Statistical analysis: Statistical analysis was carried out using SigmaPlot 13.0 software (Systat Software, Inc., San Jose, CA, USA) for all analyses. One-way ANOVA and Tukey’s test with p set at p < 0.05 was applied for the evaluation of the statistical difference between different months on all blood parameters.
The first two sequences of gastroscopic examinations in the preharvest showed that the animals did not present macroscopic lesions (Figure 1
and Figure 2
); this finding is attributed to the fact that there were still no mature mangoes in the pastures to which the animals could access. At the end of the first half of December 2021 (harvest 1), a period where there was already great availability and consumption of ripe mangoes, two animals presented lesions, one classified as grade IV and the other as grade II, the latter having signs of hyperkeratosis.
In January (harvest 2), three animals had lesions, two with grade IV lesions and one with grade III lesions. In the last assessments in January (postharvest 1), with no mangoes available on the ground, only one animal had grade III injuries. In February, no animal presented lesions, both around the greater curvature, margo plicatus, and in the lesser curvature, and the animals previously affected recovered without the need for therapeutic intervention.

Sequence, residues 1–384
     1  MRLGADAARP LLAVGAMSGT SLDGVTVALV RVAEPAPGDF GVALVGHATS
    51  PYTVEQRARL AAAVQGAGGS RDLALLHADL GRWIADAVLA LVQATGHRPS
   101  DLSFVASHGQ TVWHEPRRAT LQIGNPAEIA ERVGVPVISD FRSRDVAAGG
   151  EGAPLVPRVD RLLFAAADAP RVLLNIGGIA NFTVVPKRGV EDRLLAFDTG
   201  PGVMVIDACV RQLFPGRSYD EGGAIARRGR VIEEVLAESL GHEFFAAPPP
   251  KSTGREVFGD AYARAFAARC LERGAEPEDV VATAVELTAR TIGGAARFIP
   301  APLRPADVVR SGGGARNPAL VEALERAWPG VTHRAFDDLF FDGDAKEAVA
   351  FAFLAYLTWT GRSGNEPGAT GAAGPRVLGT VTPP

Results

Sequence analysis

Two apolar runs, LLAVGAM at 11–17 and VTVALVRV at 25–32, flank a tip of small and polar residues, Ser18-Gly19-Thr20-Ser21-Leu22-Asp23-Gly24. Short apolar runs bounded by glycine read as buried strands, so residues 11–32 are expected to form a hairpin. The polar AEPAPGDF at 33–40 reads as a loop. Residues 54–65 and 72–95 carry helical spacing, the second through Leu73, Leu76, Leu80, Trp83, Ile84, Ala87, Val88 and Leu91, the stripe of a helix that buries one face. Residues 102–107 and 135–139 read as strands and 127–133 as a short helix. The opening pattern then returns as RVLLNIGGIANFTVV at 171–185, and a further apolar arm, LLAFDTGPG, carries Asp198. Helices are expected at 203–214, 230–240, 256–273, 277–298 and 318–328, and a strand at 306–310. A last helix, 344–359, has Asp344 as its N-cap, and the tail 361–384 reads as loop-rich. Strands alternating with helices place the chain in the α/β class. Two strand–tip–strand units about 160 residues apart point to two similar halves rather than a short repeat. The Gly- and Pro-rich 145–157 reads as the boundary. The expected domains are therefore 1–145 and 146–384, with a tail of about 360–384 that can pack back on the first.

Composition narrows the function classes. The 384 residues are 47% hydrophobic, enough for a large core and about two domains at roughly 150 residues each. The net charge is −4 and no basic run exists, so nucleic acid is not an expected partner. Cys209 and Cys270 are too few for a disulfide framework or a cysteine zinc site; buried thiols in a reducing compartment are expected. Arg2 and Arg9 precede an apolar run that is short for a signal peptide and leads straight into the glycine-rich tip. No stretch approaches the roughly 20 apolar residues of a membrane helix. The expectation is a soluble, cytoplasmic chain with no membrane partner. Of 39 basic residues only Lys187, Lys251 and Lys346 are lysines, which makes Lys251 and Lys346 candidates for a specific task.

All lesions observed throughout the experimental period were in the squamous region and/or close to the margo plicatus
and Figure 2
). During the follow-up period, the animals showed no clinical signs of gastrointestinal or locomotor disease, and no esophageal lesions were observed.
Hematological analyses did not reveal significant changes over the 4 months in which they were measured (Table 1
). There was a decrease in the value of total plasma proteins in the period between December and January, in which the lowest concentration was detected (p
< 0.05). No changes were observed in the fibrinogen concentration (p
Regarding the glucose concentration obtained for the formation of the postprandial curve, an increase in glucose concentration was observed after the ingestion of fresh ripe mangoes (p
< 0.001), with concentrations at T0 of 103.21 ± 10.50 mg /dL, reaching 279.36 ± 41.20 mg/dL at T30, remaining above 200 mg/dL until T180 (230.74 ± 68.70 mg/dL) (Figure 3
At the end of December, the whole ripe mangoes weighed an average of 254.30 ± 126.2 g. When the weight was measured without the seeds, the mean value was 215.30 ± 110.8 g. The pit represented approximately 15.3% of the fruit, as described in the literature [17